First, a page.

Daytime functioning and nighttime sleep before, during, and after a 146-hour tennis match

J. D. Edinger, G. R. Marsh, William Vaughn McCall, C. W. Erwin, A. W. Lininger

Research output: Contribution to journalArticlepeer-review

11 Scopus citations


Two adult males (ages 31 and 35 years) were studied while they participated in a week-long marathon tennis match under conditions of extreme sleep restriction (4-5 h reductions per night). Polysomnographic monitoring was conducted on the two nights prior to the marathon, continuously throughout the match, and on two recovery nights. In addition, measures of daytime sleepiness, mood state, and cognitive performance were obtained during the course of the study. Despite undergoing marked sleep restriction, both players continued to obtain their usual (baseline) amounts of slow wave sleep throughout the marathon. Both players showed a gradually increasing tendency toward daytime dozing across the first few days of the marathon. This tendency decreased on the fifth day but increased again on the sixth day of the match. Also, both players showed a pre- to postmatch decline on some cognetive measures. However, the players differed markedly in their ratings of sleepiness, mood ratings, recovery sleep patterns, and endurance with respect to the demands of the match. Results appear to be consistent with previous laboratory studies in documenting the primacy of the ''slow wave sleep drive.'' Given the marked differences observed between the players, research designed to identify factors that predict response to sleep loss seems to be warranted.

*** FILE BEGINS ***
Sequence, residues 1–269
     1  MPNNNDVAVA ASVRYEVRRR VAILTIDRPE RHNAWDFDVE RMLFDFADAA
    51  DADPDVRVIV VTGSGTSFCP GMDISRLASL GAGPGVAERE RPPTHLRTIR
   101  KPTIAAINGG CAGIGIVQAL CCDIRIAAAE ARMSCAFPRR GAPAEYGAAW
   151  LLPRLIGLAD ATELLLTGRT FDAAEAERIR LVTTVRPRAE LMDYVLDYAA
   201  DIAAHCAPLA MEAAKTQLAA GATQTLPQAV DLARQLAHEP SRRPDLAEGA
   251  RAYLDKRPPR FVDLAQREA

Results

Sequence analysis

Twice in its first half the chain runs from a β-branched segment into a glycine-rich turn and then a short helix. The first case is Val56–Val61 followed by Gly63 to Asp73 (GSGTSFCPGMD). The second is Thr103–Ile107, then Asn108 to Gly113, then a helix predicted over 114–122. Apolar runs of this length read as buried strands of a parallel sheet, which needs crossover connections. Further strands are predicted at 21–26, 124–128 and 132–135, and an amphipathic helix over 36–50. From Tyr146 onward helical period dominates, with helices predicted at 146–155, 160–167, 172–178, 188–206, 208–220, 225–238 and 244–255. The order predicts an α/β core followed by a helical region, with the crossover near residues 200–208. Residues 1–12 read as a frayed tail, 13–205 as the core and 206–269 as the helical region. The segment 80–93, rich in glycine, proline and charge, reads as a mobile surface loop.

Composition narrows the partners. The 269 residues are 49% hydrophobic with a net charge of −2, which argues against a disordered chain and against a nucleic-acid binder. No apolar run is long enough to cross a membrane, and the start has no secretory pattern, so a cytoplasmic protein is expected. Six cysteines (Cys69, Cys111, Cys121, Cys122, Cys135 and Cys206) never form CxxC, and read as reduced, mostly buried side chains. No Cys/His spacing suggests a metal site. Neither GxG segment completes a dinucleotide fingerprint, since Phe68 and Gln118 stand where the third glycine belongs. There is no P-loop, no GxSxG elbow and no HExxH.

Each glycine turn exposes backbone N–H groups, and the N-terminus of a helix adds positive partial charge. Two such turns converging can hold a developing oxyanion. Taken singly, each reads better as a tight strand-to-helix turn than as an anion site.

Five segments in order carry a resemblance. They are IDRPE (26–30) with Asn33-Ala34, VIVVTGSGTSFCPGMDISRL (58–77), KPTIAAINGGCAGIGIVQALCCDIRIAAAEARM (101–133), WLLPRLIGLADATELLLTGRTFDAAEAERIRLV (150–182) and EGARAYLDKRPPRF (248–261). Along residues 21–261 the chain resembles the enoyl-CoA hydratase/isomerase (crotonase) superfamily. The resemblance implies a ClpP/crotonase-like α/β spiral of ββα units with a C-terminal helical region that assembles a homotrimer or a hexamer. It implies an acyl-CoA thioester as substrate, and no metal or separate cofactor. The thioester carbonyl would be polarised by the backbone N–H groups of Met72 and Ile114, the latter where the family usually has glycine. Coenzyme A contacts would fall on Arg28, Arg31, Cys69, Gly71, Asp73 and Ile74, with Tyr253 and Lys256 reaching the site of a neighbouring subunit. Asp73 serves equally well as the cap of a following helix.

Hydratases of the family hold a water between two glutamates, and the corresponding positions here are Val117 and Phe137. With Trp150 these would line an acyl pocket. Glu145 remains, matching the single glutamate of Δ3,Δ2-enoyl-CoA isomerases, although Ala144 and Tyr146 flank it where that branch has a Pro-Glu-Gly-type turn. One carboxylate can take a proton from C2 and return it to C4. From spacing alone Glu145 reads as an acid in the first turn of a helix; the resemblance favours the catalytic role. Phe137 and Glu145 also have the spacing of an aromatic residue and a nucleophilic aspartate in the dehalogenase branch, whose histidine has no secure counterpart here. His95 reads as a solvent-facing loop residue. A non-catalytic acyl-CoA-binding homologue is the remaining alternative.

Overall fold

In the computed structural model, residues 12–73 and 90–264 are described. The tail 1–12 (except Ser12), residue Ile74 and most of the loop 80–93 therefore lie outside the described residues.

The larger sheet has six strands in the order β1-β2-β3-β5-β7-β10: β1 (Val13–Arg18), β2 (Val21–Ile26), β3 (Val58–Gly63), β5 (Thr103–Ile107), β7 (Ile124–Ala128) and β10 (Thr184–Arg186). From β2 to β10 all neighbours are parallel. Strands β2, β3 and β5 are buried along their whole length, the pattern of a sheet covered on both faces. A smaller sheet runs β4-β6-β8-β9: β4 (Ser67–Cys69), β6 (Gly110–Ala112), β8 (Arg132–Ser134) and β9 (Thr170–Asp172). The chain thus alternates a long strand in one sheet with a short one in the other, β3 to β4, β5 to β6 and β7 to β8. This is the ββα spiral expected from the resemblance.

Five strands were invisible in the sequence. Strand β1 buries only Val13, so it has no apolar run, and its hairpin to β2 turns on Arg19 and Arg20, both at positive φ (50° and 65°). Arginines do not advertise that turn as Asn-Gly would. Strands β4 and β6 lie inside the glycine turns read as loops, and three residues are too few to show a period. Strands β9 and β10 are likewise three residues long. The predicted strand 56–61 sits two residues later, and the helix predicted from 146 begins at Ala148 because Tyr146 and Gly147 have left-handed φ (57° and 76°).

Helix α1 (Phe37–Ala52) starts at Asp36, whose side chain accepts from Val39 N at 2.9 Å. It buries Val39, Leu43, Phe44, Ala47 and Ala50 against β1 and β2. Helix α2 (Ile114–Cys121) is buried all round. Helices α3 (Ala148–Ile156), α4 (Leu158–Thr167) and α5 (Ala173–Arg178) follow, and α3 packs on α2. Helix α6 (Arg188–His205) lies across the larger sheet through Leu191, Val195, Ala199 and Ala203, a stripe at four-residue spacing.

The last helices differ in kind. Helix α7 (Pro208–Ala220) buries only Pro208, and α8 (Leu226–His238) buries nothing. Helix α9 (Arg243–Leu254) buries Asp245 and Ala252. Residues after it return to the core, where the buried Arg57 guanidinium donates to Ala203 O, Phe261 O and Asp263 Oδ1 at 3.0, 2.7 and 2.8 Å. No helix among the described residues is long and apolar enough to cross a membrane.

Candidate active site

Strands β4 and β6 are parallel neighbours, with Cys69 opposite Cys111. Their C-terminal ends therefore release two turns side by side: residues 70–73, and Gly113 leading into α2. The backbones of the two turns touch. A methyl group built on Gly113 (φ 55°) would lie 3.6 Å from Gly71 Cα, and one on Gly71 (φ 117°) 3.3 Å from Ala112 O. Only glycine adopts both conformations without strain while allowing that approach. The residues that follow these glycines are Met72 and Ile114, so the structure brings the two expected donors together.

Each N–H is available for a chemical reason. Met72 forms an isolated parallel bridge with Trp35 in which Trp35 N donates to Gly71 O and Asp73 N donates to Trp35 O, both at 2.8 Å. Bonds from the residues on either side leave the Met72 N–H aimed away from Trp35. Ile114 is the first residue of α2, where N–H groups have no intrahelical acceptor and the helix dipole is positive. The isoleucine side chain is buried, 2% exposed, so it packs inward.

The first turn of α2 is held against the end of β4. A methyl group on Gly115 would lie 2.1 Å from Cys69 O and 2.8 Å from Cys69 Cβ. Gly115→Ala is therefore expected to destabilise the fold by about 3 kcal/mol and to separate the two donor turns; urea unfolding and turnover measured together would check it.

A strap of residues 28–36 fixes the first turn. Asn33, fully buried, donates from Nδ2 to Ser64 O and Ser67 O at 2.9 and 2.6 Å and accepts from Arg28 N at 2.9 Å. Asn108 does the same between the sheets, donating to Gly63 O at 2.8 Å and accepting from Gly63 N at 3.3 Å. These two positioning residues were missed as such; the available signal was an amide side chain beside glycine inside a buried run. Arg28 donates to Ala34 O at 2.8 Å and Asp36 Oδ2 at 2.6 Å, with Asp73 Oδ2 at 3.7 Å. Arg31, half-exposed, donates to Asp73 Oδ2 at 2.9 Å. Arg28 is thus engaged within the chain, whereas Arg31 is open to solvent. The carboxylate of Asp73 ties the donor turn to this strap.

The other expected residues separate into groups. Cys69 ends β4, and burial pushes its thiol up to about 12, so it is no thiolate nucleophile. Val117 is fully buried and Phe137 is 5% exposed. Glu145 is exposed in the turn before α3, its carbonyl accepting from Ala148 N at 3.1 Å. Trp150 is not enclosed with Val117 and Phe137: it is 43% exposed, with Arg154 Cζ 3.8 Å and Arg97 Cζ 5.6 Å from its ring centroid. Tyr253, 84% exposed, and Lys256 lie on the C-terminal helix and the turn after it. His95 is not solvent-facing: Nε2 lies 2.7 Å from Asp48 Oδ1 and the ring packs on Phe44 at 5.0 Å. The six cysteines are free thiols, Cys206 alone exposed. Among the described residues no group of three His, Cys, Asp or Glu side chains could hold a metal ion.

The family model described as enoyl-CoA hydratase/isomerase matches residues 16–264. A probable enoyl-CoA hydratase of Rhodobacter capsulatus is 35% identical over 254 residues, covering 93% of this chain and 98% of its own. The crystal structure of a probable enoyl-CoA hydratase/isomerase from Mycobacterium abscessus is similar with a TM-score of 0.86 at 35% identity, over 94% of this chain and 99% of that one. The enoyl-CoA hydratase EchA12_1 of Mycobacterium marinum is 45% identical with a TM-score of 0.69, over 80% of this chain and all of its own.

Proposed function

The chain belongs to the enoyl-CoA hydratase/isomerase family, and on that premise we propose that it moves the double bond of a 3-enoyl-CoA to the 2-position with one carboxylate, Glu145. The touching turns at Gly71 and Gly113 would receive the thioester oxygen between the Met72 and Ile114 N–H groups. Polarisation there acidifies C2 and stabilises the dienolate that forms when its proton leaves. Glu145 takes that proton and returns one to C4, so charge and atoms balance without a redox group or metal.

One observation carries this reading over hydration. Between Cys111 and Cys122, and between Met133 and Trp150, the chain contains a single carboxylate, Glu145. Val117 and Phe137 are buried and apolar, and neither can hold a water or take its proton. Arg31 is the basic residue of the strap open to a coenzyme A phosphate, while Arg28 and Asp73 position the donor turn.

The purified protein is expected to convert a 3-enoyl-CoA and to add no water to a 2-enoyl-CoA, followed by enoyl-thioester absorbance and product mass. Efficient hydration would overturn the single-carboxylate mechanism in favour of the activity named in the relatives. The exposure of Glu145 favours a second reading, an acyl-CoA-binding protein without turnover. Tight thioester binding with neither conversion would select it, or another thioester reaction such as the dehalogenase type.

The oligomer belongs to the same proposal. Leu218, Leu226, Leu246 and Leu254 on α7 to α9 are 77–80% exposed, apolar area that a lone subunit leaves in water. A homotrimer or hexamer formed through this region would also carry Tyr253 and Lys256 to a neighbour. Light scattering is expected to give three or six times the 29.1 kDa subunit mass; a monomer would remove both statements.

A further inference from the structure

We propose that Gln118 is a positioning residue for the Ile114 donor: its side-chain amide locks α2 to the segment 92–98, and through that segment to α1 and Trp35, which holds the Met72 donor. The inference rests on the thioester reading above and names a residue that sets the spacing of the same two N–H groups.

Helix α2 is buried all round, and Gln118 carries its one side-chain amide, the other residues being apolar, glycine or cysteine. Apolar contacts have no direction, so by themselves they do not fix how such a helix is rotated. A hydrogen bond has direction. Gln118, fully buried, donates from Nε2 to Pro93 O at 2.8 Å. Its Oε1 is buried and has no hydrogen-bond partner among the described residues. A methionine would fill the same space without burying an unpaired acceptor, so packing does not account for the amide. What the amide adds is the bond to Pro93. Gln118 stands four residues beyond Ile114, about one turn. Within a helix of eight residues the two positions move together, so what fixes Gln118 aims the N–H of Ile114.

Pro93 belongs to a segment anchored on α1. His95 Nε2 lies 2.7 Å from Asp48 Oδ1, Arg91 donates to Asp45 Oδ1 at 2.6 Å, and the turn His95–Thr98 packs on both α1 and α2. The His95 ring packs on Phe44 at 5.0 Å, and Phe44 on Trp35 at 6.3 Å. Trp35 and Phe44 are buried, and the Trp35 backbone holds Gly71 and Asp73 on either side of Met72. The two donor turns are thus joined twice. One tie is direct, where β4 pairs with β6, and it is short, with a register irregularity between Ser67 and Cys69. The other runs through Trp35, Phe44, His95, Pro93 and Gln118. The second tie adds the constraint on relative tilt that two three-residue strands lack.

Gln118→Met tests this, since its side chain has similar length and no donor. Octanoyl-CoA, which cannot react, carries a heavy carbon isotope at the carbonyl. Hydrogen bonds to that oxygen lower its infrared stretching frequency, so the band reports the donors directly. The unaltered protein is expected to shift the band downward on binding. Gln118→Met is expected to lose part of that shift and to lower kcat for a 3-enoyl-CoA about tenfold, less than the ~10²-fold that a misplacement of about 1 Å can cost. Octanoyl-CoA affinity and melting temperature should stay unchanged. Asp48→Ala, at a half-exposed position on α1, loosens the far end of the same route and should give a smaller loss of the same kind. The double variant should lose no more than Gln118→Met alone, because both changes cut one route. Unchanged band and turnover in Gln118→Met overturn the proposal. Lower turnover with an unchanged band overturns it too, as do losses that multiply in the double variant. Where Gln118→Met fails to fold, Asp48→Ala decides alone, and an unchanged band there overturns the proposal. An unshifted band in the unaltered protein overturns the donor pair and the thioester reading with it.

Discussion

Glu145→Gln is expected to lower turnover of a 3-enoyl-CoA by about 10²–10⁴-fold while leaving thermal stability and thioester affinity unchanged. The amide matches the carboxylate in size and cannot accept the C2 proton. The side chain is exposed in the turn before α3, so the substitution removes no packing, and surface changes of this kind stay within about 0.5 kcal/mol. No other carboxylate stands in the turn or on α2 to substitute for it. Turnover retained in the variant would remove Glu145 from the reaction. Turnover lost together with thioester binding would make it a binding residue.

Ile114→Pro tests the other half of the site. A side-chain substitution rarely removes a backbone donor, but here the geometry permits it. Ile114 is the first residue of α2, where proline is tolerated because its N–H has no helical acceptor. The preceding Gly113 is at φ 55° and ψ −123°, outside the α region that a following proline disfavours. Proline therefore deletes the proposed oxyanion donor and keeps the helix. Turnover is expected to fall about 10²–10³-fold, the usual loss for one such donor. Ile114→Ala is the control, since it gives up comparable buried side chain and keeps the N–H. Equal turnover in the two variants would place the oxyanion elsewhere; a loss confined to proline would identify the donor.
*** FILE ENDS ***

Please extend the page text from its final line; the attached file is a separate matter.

Original languageEnglish (US)
Pages (from-to)526-532
Number of pages7
Issue number6
StatePublished - Jan 1 1990
Externally publishedYes


  • Daytime functioning
  • Nighttime sleep
  • Tennis match

ASJC Scopus subject areas

  • Clinical Neurology
  • Physiology (medical)


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